Ireland’s stunning rejection of the European Union Nice Treaty that opens the door to eastern enlargement threatens to spoil this week’s summit of EU member states and candidate nations in Gothenburg, Sweden.
Last Thursday’ referendum result will also sour preliminary talks of the bloc’s foreign ministers in Luxembourg on Monday and Tuesday meant to boost enlargement negotiations.
EU leaders and diplomats have put a brave face on the Irish vote, pledging enlargement talks will continue regardless and urging Dublin to hold a second referendum later this year.
But they also know the Irish rejection could spark an EU constitutional crisis, give heart to opponents of European enlargement and closer integration and fan euro-sceptic feelings in the 12 candidate countries.
The Irish vote, which echoes Denmark’s 1992 rejection of the Maastricht Treaty that sparked currency crises, also damages EU self-confidence on the eve of its first summit with U.S. President George W. Bush in Gothenburg on Thursday.
“This situation undoubtedly underlines the need for greater efforts from us all to explain Europe to our citizens,” said European Commission President Romano Prodi and Swedish Prime Minister Goran Persson in a joint statement on Friday evening.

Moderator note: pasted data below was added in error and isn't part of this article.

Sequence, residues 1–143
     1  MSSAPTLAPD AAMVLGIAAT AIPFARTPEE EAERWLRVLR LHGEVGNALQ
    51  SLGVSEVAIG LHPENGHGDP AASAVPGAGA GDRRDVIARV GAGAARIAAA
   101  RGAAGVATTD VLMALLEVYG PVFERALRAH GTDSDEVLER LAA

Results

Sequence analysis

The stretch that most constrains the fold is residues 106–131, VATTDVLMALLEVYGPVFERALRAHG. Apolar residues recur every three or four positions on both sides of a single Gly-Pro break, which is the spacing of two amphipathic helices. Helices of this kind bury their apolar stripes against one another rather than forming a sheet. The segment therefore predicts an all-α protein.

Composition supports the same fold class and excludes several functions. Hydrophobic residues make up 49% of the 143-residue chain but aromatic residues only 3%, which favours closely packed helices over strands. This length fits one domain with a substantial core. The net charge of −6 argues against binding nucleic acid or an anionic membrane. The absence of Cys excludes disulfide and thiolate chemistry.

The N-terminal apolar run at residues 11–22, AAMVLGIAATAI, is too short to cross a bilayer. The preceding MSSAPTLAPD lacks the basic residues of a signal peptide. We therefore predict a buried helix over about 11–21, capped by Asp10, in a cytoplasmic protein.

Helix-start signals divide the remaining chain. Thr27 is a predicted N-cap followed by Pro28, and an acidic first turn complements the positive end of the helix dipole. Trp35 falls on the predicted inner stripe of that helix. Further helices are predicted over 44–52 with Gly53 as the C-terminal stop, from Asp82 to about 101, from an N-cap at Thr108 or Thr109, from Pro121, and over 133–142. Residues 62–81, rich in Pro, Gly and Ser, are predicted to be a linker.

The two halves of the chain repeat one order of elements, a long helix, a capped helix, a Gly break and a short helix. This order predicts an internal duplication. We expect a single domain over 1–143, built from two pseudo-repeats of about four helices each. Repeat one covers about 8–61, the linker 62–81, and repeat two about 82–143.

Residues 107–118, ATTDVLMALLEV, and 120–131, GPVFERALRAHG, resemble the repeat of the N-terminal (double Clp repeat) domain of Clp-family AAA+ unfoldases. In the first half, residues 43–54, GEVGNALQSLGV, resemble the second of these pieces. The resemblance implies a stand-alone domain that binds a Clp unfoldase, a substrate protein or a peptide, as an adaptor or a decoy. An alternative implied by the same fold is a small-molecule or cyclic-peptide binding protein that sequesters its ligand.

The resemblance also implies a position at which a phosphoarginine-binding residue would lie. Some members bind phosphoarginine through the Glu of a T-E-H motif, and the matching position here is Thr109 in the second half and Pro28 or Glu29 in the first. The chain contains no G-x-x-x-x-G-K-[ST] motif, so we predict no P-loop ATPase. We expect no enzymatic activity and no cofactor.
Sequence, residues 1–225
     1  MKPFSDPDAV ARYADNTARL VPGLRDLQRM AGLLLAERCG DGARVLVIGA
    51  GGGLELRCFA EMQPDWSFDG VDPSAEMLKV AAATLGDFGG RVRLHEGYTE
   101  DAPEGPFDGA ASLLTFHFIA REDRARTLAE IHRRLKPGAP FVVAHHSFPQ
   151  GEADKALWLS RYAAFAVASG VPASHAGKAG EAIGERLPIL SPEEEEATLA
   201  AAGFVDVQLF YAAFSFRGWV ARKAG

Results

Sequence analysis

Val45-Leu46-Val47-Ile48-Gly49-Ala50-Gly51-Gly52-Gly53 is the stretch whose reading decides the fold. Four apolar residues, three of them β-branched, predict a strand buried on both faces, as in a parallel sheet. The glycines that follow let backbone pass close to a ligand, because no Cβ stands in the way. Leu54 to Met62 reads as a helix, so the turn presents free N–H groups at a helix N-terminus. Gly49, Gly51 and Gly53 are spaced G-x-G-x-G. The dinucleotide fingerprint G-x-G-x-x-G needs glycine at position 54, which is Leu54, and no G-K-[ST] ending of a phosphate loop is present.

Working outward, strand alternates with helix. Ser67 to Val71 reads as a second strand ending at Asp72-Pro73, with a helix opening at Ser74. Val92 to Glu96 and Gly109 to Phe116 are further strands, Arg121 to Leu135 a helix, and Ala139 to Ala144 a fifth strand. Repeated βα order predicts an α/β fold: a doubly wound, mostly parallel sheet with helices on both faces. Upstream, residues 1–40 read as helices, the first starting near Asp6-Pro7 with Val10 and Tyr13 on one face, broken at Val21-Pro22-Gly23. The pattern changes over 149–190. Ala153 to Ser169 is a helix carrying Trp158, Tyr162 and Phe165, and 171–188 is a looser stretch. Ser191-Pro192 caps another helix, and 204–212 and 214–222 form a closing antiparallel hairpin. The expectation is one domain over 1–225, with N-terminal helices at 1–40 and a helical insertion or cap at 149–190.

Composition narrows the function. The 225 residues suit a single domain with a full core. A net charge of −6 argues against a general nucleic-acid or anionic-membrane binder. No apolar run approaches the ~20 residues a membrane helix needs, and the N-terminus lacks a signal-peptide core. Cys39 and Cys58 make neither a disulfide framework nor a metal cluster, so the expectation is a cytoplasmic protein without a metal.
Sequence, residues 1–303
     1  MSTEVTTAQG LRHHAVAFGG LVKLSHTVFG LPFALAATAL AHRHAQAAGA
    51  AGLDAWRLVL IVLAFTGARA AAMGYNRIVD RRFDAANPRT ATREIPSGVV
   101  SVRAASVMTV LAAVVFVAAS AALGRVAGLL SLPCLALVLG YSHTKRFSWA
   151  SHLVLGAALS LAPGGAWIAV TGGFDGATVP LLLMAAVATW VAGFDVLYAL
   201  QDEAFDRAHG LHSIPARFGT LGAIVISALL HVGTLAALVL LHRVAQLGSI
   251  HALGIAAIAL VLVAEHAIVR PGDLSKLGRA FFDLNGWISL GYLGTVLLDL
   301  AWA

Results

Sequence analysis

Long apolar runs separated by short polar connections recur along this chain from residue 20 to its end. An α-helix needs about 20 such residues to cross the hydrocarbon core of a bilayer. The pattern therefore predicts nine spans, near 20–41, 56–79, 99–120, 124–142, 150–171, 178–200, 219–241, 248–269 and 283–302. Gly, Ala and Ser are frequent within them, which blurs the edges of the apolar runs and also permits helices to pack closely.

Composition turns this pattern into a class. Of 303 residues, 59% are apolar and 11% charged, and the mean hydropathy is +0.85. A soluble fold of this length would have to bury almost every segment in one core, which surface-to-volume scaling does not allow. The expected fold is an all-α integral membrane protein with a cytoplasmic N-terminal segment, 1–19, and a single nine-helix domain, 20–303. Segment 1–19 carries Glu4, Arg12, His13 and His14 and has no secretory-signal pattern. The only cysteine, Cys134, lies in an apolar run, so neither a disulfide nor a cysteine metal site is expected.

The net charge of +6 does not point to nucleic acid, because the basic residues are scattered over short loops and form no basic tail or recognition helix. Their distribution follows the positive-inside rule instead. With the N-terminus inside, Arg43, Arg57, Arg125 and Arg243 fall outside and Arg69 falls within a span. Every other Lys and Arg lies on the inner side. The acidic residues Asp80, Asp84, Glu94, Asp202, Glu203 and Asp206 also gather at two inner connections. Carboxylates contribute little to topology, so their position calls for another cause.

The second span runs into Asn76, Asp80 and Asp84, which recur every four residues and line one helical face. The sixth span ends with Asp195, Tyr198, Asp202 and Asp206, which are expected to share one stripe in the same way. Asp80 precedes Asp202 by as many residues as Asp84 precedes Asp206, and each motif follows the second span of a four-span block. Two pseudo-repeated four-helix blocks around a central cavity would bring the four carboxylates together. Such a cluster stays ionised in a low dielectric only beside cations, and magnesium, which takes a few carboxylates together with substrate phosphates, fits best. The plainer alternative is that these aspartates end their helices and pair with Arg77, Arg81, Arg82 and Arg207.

Sweden holds the rotating EU presidency and will host both the meeting with Bush and the June 15-16 EU summit, where enlargement is expected to feature high on the agenda.
The 15 EU states have until the end of 2002 — by which time they promise to be ready for enlargement — to ratify the Nice Treaty. Only Ireland is required by its constitution to hold a referendum, the others ratifying it by parliamentary vote.
The treaty, agreed last December at a messy summit, aims to streamline the creaking EU institutions to help them cope with a near doubling of the bloc’s membership in the coming years.
Michel Barnier, a European Commissioner who oversaw tortuous negotiations that culminated in the Nice Treaty, said there was no time to lose in tackling the Irish crisis. “The Council of (Foreign) Ministers meet on Monday and this will be an opportunity to discuss with our Irish partners the lessons to be drawn from this result,” he said in a statement.
The crisis is an unwanted distraction for the ministers, who had hoped to focus in Luxembourg on the Middle East and the Balkans, where EU foreign policy chief Javier Solana has been spearheading international peace efforts.
Solana, who visited Macedonia on Saturday and Israel on Sunday, was expected to brief ministers on his missions. Israeli Foreign Minister Shimon Peres and Palestinian Minister for International Cooperation Nabil Shaath were also due in town.